Film review: Soul
Jamie Foxx puts in a subline vocal performance in this animated adventure about a jazz pianist attempting to cheat his way out of the afterlife and back into the land of the living, writes Alistair Harkness
Soul (PG) *****
As the lead director of Monsters Inc, Up and Inside Out, Pete Docter has emerged as the most visionary of the pioneering animation studio’s filmmakers, always willing to push the conceptual and intellectual bounds of what’s possible in a mainstream family movie. His latest, Soul, is no different. Co-directed by Kemp Powers, who also co-wrote the script with Docter and Mike Jones, it takes big themes – what happens when you die? What makes us who we are? What constitutes a full life? – and finds innovative, surprising and, as ever, emotionally true ways to explore them.
It’s built around a jazz pianist called Joe who’s reluctance to give up his dream of playing professionally and settle for a steady gig teaching music to primary school kids at first makes the film seem fairly rote. But the film quickly elevates this seemingly stock character to another realm, firstly by casting Jamie Foxx, whose sublime vocal performance riffs on his Oscar-winning turn in Ray, particularly in the way he captures the lost-in-music bliss Joe experiences whenever he’s playing, yet Foxx’s performance also brings to mind the vulnerability and uncertainty he demonstrated as the dream-delaying cab driver hero of Michael Mann’s Collateral.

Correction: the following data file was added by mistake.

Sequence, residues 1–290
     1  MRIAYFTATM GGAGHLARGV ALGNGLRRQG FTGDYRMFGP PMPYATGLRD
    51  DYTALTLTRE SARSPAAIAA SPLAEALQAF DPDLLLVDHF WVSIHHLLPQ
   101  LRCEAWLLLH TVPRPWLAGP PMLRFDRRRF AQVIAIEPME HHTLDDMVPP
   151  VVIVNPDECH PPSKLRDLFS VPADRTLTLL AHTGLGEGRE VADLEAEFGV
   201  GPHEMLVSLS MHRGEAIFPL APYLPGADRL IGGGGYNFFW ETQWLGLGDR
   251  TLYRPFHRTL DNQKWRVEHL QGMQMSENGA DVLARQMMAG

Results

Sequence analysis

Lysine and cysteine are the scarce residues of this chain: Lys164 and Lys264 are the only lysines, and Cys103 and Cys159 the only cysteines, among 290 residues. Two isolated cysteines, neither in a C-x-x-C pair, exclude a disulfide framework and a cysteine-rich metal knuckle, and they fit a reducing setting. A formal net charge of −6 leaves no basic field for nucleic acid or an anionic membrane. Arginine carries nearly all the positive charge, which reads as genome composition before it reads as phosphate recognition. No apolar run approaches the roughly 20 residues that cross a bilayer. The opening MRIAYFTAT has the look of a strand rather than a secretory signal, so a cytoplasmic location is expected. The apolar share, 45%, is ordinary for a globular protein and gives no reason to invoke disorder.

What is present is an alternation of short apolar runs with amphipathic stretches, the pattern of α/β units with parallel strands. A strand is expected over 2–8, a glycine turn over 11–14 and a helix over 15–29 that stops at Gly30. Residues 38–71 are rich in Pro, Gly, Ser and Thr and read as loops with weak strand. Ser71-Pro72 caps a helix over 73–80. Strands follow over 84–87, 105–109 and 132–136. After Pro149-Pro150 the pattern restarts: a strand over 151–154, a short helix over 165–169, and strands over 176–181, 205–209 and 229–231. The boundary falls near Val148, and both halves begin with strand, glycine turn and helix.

With that part nailed, the film is free to take the first of several conceptual leaps, bumping off Joe en route to a potentially life-changing gig and condemning his soul to an afterlife of which he wants no part. Dedicating himself to actively escaping, he bluffs his way into a job mentoring a recalcitrant, yet-to-be-born soul called 22 (voiced by Tina Fey) and using this gig to cheat his way back onto Earth in ways too convoluted to explain here. What’s important is that 22’s soul ends up in Joe’s comatose body and Joe ends up in the therapy cat that hospital staff have left on his bed. Delightful body-swap shenanigans duly ensue as Joe tries to guide 22 across New York in time to play the aforementioned gig – and yet nothing that follows is exactly ordinary. Indeed, it’s frequently more complicated than it already sounds and yet it moves along so breezily – buoyed by Jon Batiste’s jazzy score in the New York scenes and Trent Reznor and Atticus Ross’s haunting electro score for the other-worldly scenes – that its deeper resonances hit you in a way great art often does: unexpectedly and with a force that’s sometimes difficult to explain.
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